Attention, attention!

I have 550 students, grades 5-8.  It’s my 2nd year in the school district and let’s be honest, any teacher can relate to the pain of remembering names.  Especially with the students you see once every six school days…it can be hard.  So what’s a great way to get the attention of a class, a table in any situation? Simple.  Name your tables and learn the names of your students as you go.  I learned this trick from other art teachers but it still makes me stress when I walk into another art teacher’s room and see her rely on student rosters only. I can’t even imagine.  I tend to know my 7th and 8th graders’ names within the first couple weeks since I see them every day – especially my 8th graders but those 5th and 6th graders fall behind.  I don’t like them thinking it’s personal so the table names really help.  I have six tables and currently have them namedafter artists.  Specifically, I have “Cassatt”, “Monet”, “Picasso”, “Van Gogh”, “O’Keeffe”, and “Pollock”.  Last year it varied some more and this year I’ll be discarding “Monet” and replacing it with “Kandinsky”.  This makes more sense since my 5th graders learn of Kandinsky and my 6th graders learn of O’Keeffe.

Anywhoot.  This solution helps when students are disruptive or it’s time to proceed within the scheduled time onto something new.  When I don’t know the disruptive student or any of the students quite yet, I can call “Monet” table and they are at attention.  It also prompts students to ask questions about the artists and remember things about concepts learned.  Furthermore, it helps for set up and clean up because they know they are a team, things get done faster.  When I end my class, I can call on a table to answer a key point for the day and they line up.  It creates a good work environment and helps students socialize constructively. I also have my artists under a certain color so if we want to mix it up, we can pay attention to that color.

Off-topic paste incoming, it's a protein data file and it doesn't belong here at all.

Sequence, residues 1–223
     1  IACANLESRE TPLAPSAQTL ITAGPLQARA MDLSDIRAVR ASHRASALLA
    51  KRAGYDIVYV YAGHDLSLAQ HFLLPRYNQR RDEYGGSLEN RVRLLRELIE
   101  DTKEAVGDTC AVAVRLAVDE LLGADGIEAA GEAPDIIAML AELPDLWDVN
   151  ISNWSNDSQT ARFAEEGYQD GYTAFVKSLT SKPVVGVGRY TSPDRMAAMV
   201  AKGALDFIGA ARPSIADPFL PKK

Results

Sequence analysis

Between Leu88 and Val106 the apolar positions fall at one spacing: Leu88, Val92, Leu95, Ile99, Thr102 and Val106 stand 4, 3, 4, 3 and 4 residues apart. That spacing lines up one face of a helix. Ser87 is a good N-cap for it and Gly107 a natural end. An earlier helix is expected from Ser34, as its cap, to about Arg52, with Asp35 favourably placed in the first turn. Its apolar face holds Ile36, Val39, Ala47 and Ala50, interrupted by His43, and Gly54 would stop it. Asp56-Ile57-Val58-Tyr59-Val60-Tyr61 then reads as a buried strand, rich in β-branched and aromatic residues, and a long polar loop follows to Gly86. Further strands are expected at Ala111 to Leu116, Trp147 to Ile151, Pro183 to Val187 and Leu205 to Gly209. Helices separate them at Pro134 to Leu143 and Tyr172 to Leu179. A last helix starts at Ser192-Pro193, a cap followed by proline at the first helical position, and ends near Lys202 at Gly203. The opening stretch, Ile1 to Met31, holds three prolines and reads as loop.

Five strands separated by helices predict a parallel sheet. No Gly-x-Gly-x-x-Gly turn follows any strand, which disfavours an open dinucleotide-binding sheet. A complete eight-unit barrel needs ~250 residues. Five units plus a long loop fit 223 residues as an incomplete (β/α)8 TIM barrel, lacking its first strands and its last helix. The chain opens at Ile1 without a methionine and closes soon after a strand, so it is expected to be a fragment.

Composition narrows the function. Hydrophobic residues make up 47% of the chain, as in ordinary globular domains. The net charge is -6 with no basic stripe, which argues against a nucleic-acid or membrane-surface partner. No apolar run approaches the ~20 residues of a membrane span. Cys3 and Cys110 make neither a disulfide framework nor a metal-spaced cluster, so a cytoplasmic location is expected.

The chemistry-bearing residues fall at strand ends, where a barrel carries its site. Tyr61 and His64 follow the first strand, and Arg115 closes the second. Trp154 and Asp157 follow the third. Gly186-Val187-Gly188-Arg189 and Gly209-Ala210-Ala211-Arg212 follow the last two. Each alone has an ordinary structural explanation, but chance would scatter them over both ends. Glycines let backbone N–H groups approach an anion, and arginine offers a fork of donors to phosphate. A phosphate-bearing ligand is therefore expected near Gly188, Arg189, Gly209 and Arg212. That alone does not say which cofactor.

My goal is to make some more professional looking signs and strongly tie them into my curriculum somehow. It’s a work in progress but until then, this really works.

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